Our esteemed leader touched on Herman Frank’s extensive CV in his review of the man’s last solo outing, 2016’s The Devil Rides Out. So I’m not going to labour the point about just what a Euro metal institution Herr Frank is, was, and always shall be. Far better to concentrate on what the great man is up to now, no? What’s done is done. But should we care about Herman in 2019?
Undoubtedly we should. For, though he chooses to play his game in the same territory as his former employers Accept, on Fight the Fear Frank shows he has more than a little to offer fans of beefy Teutonic metal – at least as much as Wolf Hoffmann and company, in fact.
Sensibly Frank has employed the services of a top notch vocalist on his last three solo records in the shape of former Masterplan alumnus Rick Altzi. Euro metal shriekers are quite literally ten a Euro these days, every last man jack of them a faceless copy of the one before… Altzi, on the other hand offers the listener bags of class on any style that Frank throws at him. The heads down mayhem of Fear? No problem. Mid paced stadium metal stompers such as Terror? All in a day’s work. Smashing, euphoric combinations of the two afore-mentioned styles, in the form of album standout Sinners? Altzi’s yer man. There’s nothing he can’t sing and he sings the arse off it all on Fight the Fear.
And then there’s Frank. Alternately the king of unforgiving chug, arch purveyor of fleet fingered fret fantasias or downright heavy metal hero, like Altzi the man is a versatile guitarist of Swiss Army knife proportions. His unfettered metal assault is a joy at all times. The brooding Hatred is a riff monster and then some, giving the excellent last Primal Fear album a big run for it’s money, that chug bolstered by some monstrous percussive oomph from drummer Andres Hilgers.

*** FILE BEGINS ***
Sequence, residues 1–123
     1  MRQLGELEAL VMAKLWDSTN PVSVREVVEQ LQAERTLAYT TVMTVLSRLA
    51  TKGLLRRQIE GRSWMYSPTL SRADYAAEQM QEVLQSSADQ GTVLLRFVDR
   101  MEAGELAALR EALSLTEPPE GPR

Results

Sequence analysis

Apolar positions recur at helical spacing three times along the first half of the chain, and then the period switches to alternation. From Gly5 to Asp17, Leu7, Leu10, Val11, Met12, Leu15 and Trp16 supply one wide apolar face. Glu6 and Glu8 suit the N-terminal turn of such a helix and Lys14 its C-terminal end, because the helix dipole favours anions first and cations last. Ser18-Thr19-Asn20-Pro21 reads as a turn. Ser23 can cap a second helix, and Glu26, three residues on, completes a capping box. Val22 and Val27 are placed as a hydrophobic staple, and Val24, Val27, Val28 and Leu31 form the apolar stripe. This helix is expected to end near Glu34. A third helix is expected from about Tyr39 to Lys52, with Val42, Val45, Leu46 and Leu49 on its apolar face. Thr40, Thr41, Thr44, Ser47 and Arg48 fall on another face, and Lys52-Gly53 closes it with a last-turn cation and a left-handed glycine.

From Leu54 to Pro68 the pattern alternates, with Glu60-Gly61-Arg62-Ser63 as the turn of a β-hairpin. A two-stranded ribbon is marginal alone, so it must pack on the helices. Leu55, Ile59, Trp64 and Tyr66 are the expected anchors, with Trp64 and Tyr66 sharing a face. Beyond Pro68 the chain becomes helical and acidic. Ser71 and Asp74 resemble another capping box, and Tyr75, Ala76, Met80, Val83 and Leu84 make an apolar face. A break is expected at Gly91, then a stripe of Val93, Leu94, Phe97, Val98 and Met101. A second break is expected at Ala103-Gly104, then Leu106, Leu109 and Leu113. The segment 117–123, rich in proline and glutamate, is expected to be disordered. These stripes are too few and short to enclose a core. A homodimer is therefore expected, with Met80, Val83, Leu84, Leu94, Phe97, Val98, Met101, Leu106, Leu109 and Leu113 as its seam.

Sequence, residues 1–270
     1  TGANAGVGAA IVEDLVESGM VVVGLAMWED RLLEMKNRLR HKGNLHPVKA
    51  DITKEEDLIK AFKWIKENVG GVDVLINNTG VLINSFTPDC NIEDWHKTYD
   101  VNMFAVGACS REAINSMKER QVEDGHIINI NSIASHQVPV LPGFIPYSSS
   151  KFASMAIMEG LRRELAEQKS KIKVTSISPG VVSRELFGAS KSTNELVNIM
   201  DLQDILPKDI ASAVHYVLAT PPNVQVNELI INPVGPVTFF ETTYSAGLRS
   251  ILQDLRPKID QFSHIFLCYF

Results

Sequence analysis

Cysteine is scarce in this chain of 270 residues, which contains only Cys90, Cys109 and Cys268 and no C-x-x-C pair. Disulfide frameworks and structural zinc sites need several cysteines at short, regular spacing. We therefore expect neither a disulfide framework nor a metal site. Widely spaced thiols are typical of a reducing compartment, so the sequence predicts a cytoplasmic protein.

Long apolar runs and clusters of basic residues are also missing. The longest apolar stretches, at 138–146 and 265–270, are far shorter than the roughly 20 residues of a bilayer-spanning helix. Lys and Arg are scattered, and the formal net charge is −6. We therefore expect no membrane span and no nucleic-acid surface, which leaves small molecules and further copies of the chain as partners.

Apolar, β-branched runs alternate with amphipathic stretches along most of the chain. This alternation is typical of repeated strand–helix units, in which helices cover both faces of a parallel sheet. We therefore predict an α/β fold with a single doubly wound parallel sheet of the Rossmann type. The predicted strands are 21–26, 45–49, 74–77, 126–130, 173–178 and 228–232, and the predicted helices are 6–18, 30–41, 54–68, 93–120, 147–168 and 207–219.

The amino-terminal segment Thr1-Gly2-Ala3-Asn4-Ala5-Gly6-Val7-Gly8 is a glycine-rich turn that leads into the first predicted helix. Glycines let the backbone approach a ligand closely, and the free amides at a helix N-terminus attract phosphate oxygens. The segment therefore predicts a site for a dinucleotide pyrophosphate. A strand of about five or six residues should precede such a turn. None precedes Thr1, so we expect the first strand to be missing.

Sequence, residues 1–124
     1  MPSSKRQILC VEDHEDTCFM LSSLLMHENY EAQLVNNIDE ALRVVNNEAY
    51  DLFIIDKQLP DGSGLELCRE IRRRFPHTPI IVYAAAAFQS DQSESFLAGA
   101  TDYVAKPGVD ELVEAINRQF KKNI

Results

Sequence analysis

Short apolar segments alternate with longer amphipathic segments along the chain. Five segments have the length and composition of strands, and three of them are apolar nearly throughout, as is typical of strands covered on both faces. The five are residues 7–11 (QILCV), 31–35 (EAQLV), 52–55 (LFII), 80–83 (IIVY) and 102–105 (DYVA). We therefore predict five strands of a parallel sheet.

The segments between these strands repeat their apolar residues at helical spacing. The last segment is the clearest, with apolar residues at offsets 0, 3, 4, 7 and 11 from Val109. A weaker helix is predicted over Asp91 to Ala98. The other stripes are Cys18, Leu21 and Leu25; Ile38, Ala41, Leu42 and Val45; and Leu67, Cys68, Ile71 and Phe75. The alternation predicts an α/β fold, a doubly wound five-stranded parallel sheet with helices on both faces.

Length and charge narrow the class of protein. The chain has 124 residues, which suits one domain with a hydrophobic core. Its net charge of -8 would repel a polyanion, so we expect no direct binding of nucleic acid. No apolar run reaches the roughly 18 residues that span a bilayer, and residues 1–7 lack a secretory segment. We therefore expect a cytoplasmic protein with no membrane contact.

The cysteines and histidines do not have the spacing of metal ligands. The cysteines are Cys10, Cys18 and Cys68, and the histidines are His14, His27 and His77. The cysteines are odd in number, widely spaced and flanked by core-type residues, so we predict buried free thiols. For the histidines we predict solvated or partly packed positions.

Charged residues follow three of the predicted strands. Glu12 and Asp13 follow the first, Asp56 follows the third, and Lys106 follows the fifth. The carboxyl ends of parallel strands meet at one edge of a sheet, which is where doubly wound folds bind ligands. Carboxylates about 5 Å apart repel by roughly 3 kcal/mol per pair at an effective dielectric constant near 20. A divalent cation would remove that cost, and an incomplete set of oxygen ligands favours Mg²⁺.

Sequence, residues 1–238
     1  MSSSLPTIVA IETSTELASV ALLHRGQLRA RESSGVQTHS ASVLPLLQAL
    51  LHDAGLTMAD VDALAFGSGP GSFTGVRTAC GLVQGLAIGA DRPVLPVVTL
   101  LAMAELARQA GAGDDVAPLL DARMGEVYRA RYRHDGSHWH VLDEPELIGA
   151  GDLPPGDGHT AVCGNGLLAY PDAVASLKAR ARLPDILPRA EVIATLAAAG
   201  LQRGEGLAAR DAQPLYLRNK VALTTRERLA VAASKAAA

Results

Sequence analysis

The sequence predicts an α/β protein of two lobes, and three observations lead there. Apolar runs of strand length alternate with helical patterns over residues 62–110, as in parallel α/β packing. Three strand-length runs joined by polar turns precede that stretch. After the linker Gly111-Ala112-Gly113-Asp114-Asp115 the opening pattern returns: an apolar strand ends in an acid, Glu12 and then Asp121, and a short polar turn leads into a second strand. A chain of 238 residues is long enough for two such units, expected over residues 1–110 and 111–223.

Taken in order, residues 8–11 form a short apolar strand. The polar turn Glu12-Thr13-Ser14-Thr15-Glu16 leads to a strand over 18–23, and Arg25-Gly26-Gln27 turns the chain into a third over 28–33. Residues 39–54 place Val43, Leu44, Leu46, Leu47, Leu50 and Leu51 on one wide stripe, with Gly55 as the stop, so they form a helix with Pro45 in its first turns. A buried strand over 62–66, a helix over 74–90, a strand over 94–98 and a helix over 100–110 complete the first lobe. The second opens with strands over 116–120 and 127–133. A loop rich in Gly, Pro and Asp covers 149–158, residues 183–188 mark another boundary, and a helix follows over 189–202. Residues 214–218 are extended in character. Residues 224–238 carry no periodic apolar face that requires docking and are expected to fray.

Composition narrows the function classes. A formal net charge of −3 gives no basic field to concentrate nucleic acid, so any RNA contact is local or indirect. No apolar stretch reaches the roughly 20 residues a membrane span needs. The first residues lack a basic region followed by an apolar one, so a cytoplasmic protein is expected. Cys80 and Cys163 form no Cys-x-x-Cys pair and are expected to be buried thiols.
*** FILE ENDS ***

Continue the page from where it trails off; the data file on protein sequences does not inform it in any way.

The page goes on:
Hail & Row sees the band leaving Euro metal territory and heading back in time to the early eighties with a slab of classic metal seemingly directly inspired by Black Sabbath’s Heaven and Hell; it’s not a copy, though, more a heavily nuanced re-imagining of the style – and it works very well, Altzi giving a bravura performance, the rest of the band backing him to the hilt. And the riffs? Diamond, the lot of ‘em…
Hitman ironically sounds like it might have come from an Accept album that Frank wasn’t involved with – Eat the Heat – whilst Stay Down, Altzi’s smoother vocals notwithstanding, is a hybridised look at Restless and Wild and Balls to the Wall stylings. You can’t blame the bloke for occasionally dipping into his past, and to be, erm, quite frank, the latter track really is another album highlight.
The rocky Rock You is perhaps the weakest track on the album, being a slightly tepid slice of mid-eighties radio metal that might have found it’s way onto a Judas Priest album post Screaming for Vengeance and pre-Painkiller; if it has a saving grace it’s the superb solo from Frank – one of his best on the album – but overall it’s the least satisfying track on offer. That’s relative of course – bad Herman is as good as the best that many of his peers can come up with, but there you go. Don’t Cross the Line is similar stylistically but is pressed forward with more urgency, reminding this listener a bit of Canadian giants Coney Hatch in their prime, whilst the quirky Are You Ready exhumes the ghosts – musically at least – of that legion of bands from the mid eighties (we’re looking at you, Rhino Bucket et al) for whom the Young/Young/Johnson playbook was some sort of bible…
Wings of Destiny is slightly more progressive and features another match winning performance from both the main protagonists, with Hilgers once again giving stoic support behind the kit. It’s the third of the album’s real standouts, and it’s quite marvellous. Final track Lost in Heaven brings the curtain down in epic style, brooding guitars building nicely to crescendo along with the strident chorus and, in the final washup, I’m going to be bold and say that this is Herman Frank’s finest solo work yet. Check it out – I guarantee you won’t be disappointed.
AFM Records release Feel the Fear on February 8th.